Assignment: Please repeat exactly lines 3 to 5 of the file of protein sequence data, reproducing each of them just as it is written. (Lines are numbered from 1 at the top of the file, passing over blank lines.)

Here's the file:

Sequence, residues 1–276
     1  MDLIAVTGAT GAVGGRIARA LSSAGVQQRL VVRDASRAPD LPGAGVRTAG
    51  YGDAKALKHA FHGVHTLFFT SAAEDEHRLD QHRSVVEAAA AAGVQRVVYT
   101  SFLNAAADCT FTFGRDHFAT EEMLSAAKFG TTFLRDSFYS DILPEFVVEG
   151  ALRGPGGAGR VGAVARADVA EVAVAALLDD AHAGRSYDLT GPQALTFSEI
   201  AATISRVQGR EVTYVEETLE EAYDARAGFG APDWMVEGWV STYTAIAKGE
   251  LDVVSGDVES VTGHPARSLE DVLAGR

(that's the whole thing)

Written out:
    51  YGDAKALKHA FHGVHTLFFT SAAEDEHRLD QHRSVVEAAA AAGVQRVVYT
   101  SFLNAAADCT FTFGRDHFAT EEMLSAAKFG TTFLRDSFYS DILPEFVVEG
   151  ALRGPGGAGR VGAVARADVA EVAVAALLDD AHAGRSYDLT GPQALTFSEI